Write for Yourself First

I create my stories for myself, not for what I imagine a publisher might want, or what an editor wants. I’ve done that, but I’m not writing that kind of story any more. Even if I hope for traditional publication, I must satisfy my own inner vision first. Readers can tell if a writer’s heart is in it or not. One time I read two stories by a well-known writer, published in the same issue of a magazine. One of them he wrote because he believed in it, the other because it was what someone else wanted. I could tell the difference. 

But a story must also be what I want to read, not just what I want to write. A story without a reader (or a listener) is just mumbling in the dark. People who have read my stories enjoy them, so I write for readers, too, but I don’t cater to what I think might be their taste. I just work to make my stories the best stories they can be.

 When I was reading publishers’ guidelines to decide where to submit Sturgis, I found that it was too short to even submit to the publishers that looked at that kind of book. It was long enough for certain kinds of romances, but it certainly qualified on no other grounds. I could have added 10,000 words I suppose, but it would have been puff, or it would have been out of the style of the story, or it would have required adding things that didn’t belong. 

And Sturgis couldn’t be easily classified as a horror story, or a supernatural story, or a mystery story, because it was all three, and other things. At that time, there was nowhere I could even submit it without instant rejection for not following the publisher’s guidelines. But I do have readers, who don’t object to it being short, or multi-genre. They like the story for what it is.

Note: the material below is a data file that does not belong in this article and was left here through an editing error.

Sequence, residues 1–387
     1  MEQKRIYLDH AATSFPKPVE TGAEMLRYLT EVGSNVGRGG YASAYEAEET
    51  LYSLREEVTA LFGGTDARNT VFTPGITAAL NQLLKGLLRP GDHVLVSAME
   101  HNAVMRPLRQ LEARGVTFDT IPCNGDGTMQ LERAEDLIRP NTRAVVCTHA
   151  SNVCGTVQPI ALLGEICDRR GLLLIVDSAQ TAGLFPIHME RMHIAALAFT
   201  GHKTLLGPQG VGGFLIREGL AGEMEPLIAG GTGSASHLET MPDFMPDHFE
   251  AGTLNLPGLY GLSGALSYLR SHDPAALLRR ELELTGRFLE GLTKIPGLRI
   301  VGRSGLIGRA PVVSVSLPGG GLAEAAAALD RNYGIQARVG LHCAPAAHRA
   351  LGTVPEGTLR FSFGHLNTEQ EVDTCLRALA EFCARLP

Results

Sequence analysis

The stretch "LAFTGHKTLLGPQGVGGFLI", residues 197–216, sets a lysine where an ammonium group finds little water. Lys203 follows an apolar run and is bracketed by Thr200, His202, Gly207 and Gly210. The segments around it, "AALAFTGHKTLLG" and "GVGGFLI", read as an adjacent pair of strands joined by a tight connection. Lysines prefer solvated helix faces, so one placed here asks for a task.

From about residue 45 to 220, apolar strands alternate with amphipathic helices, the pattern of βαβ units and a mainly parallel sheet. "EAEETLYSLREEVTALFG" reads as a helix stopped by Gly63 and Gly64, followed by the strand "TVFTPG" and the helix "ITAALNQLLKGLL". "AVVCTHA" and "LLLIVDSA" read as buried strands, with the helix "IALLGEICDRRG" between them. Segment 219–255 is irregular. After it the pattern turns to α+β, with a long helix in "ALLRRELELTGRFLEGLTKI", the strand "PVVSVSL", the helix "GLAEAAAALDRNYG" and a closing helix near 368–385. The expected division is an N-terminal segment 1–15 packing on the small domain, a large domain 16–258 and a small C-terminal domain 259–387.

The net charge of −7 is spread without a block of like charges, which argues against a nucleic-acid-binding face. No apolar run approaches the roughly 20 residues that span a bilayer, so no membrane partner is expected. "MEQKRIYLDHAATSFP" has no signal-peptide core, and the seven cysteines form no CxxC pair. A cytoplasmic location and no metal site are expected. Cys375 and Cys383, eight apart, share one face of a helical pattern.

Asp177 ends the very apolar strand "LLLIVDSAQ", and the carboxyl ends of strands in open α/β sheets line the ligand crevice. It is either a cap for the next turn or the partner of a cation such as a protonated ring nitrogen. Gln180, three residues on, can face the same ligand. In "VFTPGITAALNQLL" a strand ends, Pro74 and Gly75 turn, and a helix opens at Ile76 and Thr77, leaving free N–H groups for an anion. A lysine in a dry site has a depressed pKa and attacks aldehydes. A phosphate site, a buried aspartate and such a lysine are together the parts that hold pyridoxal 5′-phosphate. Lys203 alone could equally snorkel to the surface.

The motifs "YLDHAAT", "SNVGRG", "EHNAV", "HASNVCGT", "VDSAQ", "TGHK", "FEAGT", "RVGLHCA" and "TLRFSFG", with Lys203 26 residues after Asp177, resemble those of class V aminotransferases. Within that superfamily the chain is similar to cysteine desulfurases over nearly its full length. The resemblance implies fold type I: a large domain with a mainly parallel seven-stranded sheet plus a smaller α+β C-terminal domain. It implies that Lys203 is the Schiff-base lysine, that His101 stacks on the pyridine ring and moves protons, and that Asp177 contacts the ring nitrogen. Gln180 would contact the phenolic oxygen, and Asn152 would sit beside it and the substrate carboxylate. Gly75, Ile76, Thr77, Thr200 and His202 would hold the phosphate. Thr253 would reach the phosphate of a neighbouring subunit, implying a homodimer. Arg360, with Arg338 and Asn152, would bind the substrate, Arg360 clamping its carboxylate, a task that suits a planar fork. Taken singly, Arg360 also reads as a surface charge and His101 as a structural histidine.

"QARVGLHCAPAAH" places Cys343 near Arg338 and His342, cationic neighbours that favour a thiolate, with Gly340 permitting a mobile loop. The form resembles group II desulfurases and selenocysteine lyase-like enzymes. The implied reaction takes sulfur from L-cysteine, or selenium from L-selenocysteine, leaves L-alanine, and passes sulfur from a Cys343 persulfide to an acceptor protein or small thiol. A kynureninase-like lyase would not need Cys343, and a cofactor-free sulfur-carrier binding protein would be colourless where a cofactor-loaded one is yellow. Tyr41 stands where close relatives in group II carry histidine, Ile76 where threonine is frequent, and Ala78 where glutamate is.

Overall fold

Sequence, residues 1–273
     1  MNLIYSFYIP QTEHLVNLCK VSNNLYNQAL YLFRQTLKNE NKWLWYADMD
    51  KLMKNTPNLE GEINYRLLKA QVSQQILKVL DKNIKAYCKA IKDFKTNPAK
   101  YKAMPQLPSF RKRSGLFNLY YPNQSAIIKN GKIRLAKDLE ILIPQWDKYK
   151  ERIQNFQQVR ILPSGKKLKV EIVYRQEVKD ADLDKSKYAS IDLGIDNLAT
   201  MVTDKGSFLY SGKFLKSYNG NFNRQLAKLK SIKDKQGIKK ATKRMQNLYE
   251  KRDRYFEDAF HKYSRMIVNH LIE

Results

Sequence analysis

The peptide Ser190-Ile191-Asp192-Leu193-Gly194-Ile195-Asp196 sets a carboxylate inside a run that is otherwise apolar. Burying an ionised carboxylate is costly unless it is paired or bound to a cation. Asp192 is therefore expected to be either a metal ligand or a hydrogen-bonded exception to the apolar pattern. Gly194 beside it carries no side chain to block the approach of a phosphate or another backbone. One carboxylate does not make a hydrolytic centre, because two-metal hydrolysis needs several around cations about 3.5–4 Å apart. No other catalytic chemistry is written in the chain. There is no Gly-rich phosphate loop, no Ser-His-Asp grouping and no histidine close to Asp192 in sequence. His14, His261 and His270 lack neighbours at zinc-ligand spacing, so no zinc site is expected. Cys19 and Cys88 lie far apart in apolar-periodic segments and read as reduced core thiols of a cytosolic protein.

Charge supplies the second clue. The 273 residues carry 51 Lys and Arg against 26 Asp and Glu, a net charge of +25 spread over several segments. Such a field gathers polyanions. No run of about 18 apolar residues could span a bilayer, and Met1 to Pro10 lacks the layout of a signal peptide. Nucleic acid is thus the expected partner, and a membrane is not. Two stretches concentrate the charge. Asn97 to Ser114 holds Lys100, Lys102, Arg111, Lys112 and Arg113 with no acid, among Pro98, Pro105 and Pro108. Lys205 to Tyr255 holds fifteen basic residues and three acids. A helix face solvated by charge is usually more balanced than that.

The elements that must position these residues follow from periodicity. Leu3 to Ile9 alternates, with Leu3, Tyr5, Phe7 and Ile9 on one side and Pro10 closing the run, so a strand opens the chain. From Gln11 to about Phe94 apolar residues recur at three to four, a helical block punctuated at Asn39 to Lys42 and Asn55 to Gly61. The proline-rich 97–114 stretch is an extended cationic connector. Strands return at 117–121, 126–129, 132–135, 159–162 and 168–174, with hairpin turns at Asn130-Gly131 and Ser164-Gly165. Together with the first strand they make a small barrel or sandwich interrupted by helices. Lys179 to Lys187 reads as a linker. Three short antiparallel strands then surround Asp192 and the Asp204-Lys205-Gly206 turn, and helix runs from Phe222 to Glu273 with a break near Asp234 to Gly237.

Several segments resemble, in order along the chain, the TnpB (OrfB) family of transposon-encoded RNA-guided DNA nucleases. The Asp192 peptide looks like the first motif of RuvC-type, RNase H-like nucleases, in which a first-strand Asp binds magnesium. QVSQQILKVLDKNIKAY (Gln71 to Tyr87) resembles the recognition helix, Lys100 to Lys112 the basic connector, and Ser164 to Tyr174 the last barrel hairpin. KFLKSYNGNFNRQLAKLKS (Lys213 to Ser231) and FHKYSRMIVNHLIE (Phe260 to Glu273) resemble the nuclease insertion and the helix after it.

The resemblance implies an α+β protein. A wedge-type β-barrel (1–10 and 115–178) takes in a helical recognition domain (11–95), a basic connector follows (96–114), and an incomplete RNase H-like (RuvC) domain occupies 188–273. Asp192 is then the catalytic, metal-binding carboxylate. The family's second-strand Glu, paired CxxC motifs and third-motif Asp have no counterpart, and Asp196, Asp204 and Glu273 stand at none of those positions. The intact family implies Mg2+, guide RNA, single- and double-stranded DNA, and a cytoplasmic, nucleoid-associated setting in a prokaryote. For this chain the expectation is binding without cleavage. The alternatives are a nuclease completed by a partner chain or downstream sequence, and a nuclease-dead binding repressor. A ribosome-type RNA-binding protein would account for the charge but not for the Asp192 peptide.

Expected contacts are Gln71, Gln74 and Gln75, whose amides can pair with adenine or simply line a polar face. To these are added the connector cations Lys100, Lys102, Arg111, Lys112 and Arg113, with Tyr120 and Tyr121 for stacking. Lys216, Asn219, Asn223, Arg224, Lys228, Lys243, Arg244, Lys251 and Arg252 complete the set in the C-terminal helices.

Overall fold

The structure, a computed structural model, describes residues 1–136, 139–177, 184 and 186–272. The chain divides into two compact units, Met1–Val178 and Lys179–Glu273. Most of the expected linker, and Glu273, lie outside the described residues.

Stroad’s Cross was far too long, and was something of a character story, a ghost story, a horror story, a romance, a mystery. I couldn’t decide which category predominated, maybe supernatural mystery, if that had been one of the genres I could pick from.

Dead Hand was too long. It had no chapters, just 97 scenes. It had fifty two viewpoint characters. (I was told once that I shouldn’t, that I couldn’t have that many.) I had once tried to drop a lot of scenes and characters to bring it down to a “reasonable” length. The story didn’t work at all, so I put them back. People who have read it really like it.

I don’t want to write the kind of stories that editors, and publishers, and marketing departments want, just to generate income. I write for myself first, and for those who have read my stories, my novels really, and who have enjoyed them.


  1. I took a quick look at FuturePast, and I’ll take more time with it later. I remember some of those shows. The original Cisco Kid was filmed in color.

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